A Women's Circle Event
Her work continues to be relevant over 150 years after her death. A new version of the classic film Little Women has just been released to rave reviews. And the life she actually lived may surprise you. See a screening of the documentary “Louise May Alcott” and join a moderated discussion afterward.
Reserve Your Spot!
In RSS Office or Call 718.884.5900
Or use the order form above.
Suggested $5 donation for light dinner after the event. Dinner is after the presentation.
What makes up a civil society? What bonds hold it together?
How are ideas of citizenship and self expressed through art practice?
The Civil Rights Movement was not simply about desegregation and voting rights, but was based in a much broader social vision. It envisioned a world in which people were judged, in Martin Luther King’s immortal words by the “content of their character and not the color of their skin.” People, black and white, worked toward a world where everyone had equal access to housing, healthcare, economic opportunity, cultural freedom and human dignity.
During this time “Cultural production, regardless of ideological affiliation, became a way of creating new personal and communal identities and articulating new definitions of race, nation, equality, and social justice.” Cynthia A. Young
Artists, both black and white, responded to the American fight for civil rights during the 1960’s on the national stage set by desegregation and the civil rights movement that began in the 1950’s. In May 1954 -The Supreme Court ruled on Brown v. Board of Education, rejecting the “separate but equal” doctrine and requiring public schools to integrate. Years later Ruby Bridges became the first African-American child to desegregate the all-white William Frantz Elementary School in New Orleans on November 14, 1960. Norman Rockwell left his contract work doing covers for Saturday Evening Post, one he had held since 1916, when they refused to run his socially-conscious pictures beginning in 1963 with “The Problem We All Live With”, of Ruby Bridges with Federal Marshalls accompanying her.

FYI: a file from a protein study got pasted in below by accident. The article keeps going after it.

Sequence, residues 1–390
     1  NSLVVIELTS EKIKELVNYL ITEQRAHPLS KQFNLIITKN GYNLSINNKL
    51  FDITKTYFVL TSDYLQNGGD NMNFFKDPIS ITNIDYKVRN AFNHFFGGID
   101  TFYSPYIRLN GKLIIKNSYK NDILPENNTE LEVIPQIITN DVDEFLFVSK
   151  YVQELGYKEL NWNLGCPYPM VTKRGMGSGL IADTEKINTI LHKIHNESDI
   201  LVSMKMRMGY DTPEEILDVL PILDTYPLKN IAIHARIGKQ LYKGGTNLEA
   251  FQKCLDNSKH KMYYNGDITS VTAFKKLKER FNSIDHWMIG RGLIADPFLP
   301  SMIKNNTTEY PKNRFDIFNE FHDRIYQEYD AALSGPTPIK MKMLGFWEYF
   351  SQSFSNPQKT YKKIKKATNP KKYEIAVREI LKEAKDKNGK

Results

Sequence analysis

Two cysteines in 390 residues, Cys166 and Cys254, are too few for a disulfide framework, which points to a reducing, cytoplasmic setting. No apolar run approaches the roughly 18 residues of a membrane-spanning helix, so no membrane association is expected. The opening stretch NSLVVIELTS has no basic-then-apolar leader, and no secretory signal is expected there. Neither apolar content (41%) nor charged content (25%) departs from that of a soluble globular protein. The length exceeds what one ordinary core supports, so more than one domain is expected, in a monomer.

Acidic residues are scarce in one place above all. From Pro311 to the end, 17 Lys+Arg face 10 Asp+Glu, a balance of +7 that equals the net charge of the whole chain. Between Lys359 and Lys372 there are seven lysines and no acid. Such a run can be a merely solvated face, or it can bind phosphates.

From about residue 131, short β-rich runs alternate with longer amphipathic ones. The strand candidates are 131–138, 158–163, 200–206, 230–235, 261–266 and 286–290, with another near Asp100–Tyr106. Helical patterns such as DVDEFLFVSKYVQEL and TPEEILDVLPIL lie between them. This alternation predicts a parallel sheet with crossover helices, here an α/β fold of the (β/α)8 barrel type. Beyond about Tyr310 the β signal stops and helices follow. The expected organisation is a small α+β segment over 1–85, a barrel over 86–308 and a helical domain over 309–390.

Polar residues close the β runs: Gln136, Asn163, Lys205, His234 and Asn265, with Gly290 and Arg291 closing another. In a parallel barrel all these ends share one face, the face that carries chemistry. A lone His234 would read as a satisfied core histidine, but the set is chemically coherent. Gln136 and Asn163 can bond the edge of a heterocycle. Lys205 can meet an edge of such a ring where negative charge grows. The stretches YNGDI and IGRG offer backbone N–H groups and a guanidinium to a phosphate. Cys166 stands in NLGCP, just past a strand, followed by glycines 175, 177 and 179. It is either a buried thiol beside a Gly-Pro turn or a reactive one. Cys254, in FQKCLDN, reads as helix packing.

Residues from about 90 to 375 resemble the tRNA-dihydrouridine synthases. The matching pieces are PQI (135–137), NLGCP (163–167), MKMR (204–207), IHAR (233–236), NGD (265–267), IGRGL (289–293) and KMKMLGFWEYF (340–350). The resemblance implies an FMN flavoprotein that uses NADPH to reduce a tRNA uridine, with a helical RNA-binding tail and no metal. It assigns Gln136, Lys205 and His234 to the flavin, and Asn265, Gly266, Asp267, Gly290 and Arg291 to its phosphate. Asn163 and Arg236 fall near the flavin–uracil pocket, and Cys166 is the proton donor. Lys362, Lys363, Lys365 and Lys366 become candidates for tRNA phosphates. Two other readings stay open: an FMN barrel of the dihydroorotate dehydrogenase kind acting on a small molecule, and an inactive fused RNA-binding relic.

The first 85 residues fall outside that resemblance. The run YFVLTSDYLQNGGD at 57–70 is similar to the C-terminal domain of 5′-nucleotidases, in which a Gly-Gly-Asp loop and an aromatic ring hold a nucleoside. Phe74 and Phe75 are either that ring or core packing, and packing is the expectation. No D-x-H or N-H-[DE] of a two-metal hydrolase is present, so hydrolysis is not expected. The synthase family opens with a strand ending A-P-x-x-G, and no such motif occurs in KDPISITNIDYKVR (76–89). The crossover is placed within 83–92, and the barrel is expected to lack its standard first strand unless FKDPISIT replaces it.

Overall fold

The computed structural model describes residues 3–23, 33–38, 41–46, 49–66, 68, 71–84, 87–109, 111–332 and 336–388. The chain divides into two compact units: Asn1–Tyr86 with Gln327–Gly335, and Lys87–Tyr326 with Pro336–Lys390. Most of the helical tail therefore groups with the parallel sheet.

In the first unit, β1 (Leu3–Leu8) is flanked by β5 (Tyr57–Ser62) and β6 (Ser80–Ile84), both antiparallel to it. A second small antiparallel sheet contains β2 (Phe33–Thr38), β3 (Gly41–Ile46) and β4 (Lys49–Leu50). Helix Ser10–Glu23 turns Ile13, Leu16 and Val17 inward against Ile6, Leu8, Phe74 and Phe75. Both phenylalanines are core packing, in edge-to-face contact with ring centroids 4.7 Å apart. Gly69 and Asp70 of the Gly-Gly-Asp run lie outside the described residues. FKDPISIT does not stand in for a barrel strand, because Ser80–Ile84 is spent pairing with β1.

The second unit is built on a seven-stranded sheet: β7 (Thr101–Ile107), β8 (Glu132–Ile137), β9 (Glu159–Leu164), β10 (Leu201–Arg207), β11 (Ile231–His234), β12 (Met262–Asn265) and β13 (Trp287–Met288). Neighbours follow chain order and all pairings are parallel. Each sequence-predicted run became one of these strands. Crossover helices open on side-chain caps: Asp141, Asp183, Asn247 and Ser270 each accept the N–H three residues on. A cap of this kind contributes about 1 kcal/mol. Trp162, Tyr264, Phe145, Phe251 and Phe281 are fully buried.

A special presentation by Susan Landgraf,,
Writers: Want to learn how to write for actors?
Actors: Want to develop your own scripts?
This class is for you!
The next in a series of workshops led by Bruce McKenna, an award-winning scriptwriter. This class is designed for writers interested in exploring the techniques and methods for writing for actors, whether for film, TV, or the stage. It’s also aimed at actors interested in developing their own writing skills and/or material.
Bruce has written numerous TV shows. The movie from his original script “Salt Water Moose” won the Directors Guild of America award for best children’s program.
This is a free workshop for anyone 60+. You need to register for this workshop. You can fill out the form below, in the RSS office, or call 718.884.5900.
The workshop runs from 2-3:30 PM on these dates:
Friday, Feb. 7
Friday, Feb 21
Friday, March 6
Friday, March 20
* How to pick sites
* How to create your profile
* How to avoid the "wrong match"
* First dates
* Avoiding scammers
* Learning to enjoy the journey!!
Led by Selina Ng and Mary Speciale - who found their perfect match online!
A Woman's Circle Event
Reserve Your Spot!
In RSS Office or Call 718.884.5900 or Online with the form below
Suggested $5 donation for light dinner after the event.
Dr. Adam Arenson will present findings from his recent classes on Slavery in the Bronx, investigating the unmarked burial grounds of enslaved people in Van Cortlandt Park and Hunts Point. He will discuss the mix of historical research, archaeology, geographic analysis, and genealogical research that has been used to find and document the history of slavery in the Bronx, and the ways in which our landscape is still marked by the era of slavery. He will also discuss how his class has found living descendants of those African and Native American people enslaved in the Bronx.
Adam Arenson is an associate professor of history and the Director of the Urban Studies Program at Manhattan College and author of two award-winning books.
This is a free event. No tickets are needed.